The Sages ordained that in addition to the Torah reading, we read passages from the Prophets (the Nevi’im; the second part of Tanakh) that are related to the weekly Torah portion; one berakha is recited before the haftara and four blessings after.
This reading was instituted as a result of a decree. Once, during Second Temple era, there was a decree forbidding Jews from occupying themselves with Torah. Since they could not read from the Torah on Shabbat, the Sages ordained that a passage from the Prophets be read in the same way the Torah is read; they called up seven olim and recited Birkhot Ha-Torah. After the decree was abolished and they went back to reading the Torah every Shabbat, the Sages ordained that we continue reading passages from the Prophets. This reading is called the “haftara,” as it concludes (“maftir”) the Torah reading. They even ordained special berakhot for reading from the Prophets. Since at the time of the decree seven people were called to read from the Prophets, and each one read at least three verses, the haftara must contain at least 21 verses. However, if a section comes to a close before 21 verses are read, it is permissible to read fewer verses (SA 284:1, MB 2).
So that the haftara does not seem equal to the Torah in importance, the Sages ordained that the person reading the haftara (“the maftir”) is first called up to the Torah. This aliya is therefore called “maftir,” and its purpose is to make it clear that reading from the Prophets alone is not as important as reading from the Torah. Rather, only after reading from the Torah can one continue an read from the Prophets.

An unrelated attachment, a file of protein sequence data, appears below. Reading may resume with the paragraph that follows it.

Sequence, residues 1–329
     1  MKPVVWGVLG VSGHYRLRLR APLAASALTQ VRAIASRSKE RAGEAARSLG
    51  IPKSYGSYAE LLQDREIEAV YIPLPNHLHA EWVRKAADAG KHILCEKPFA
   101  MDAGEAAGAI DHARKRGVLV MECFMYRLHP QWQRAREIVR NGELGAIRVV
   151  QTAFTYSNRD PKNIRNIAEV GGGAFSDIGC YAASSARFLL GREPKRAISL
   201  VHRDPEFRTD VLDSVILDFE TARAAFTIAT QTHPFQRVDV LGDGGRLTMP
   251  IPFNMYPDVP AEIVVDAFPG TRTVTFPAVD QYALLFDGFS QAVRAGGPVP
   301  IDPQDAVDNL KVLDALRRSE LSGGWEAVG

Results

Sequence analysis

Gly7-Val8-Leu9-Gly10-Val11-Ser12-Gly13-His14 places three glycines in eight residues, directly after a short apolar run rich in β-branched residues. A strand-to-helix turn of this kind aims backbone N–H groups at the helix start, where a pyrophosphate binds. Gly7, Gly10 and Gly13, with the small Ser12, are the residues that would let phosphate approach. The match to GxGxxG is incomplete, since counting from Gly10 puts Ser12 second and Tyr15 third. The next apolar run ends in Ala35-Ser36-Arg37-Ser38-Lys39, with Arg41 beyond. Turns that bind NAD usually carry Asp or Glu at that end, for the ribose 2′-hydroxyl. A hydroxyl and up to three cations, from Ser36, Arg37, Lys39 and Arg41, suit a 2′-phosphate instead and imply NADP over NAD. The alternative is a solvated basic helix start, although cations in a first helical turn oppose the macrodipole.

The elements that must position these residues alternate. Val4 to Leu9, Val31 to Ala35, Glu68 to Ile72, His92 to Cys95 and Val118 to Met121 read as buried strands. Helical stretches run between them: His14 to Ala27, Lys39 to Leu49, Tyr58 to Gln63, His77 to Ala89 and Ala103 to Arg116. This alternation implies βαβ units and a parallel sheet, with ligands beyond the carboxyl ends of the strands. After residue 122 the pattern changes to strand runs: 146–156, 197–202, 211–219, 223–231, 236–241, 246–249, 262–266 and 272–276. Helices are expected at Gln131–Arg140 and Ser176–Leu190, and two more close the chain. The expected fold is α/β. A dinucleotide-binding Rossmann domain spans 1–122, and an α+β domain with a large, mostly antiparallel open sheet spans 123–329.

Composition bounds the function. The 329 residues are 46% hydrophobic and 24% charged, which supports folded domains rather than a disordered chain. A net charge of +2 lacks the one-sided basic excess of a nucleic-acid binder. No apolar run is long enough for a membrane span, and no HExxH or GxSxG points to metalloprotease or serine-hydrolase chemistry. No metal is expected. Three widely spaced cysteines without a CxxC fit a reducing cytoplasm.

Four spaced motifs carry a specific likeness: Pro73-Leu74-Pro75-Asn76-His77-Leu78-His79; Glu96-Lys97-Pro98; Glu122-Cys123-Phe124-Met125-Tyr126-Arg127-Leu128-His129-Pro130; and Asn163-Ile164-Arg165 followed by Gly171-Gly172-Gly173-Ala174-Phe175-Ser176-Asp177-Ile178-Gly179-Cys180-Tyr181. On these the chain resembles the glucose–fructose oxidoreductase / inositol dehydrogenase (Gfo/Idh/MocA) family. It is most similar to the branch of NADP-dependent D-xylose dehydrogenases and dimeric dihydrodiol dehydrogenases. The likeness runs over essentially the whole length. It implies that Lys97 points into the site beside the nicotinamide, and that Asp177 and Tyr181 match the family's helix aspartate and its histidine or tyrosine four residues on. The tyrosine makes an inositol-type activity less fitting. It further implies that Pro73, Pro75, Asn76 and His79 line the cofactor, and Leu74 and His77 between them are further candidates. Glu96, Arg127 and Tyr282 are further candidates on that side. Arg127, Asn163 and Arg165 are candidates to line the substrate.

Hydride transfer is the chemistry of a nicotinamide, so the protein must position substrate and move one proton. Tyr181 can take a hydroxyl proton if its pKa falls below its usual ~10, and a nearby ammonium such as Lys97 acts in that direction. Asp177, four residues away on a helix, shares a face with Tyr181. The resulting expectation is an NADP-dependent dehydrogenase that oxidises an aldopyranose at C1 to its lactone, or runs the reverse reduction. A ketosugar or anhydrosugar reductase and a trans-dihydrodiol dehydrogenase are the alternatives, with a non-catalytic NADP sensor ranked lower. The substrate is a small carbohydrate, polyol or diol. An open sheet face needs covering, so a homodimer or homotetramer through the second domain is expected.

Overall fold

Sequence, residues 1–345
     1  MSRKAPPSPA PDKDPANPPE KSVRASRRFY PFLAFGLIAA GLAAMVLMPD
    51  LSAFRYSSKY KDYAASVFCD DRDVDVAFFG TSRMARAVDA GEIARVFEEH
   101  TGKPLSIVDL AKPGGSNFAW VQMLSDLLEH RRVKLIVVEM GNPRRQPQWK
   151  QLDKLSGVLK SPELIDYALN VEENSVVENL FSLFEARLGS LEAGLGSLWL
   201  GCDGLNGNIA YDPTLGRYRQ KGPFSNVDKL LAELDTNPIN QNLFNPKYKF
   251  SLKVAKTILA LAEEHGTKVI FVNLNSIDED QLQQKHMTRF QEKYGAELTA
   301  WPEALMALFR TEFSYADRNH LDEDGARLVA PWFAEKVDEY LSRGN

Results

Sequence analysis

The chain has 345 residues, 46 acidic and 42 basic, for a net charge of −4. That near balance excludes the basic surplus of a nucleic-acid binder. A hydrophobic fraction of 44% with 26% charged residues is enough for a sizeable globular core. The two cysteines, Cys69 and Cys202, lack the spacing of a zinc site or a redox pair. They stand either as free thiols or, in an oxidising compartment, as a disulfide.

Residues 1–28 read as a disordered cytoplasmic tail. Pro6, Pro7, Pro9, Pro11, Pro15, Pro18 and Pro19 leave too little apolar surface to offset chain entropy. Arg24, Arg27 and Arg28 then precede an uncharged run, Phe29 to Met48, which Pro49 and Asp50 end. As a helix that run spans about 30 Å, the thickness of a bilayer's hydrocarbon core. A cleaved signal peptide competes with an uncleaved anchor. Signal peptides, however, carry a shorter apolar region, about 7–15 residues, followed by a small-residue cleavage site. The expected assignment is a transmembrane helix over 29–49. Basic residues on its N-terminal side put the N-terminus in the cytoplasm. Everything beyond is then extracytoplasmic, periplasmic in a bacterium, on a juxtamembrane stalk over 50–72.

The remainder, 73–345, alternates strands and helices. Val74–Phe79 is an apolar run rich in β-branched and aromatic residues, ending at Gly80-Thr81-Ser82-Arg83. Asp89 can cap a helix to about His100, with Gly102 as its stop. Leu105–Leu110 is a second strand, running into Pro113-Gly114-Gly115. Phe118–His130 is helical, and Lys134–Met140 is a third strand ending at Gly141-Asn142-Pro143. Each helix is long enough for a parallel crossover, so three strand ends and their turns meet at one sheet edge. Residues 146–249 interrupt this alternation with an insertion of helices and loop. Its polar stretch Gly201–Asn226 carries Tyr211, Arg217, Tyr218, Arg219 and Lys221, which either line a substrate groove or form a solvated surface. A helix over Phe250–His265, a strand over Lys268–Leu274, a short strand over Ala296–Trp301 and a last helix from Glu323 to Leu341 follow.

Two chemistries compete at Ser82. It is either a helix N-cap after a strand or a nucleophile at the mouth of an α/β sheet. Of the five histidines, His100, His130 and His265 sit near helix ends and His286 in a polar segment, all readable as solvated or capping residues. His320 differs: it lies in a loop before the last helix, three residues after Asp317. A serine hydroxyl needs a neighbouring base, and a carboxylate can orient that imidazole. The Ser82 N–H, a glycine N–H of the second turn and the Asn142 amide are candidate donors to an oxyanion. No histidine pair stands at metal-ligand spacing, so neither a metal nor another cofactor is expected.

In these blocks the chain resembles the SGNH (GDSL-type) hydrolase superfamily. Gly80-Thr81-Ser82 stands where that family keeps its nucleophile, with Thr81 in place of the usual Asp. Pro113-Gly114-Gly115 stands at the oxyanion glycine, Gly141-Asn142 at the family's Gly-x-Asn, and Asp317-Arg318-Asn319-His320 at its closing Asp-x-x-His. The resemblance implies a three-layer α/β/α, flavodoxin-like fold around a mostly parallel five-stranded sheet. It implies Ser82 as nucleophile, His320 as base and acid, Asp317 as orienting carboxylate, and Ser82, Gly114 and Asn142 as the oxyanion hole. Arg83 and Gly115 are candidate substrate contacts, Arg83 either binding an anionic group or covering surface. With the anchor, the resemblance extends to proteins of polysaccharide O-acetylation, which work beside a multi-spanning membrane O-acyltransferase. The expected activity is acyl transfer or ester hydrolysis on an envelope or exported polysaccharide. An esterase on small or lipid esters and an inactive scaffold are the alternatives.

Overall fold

Some say that the haftara must be read from a parchment scroll of the Prophets,just like the Torah (Levush). However, many Aĥaronim write that it is permissible to read it from a printed book. Le-khatĥila, it is best to read the haftara from a book that contains that entire work of the Prophets, though be-di’avad it is also permissible to read it from a printed book in which only the verses of the haftara are printed, like they appear in the Ĥumashim nowadays (MB 284:1).
The person called up for maftir must be the sole person reading from the Prophets, and the congregation shall hear his reading. One who wishes to read along quietly may do so, as long as he does not distract neighbors from hearing the reader (MB 284:11; BHL).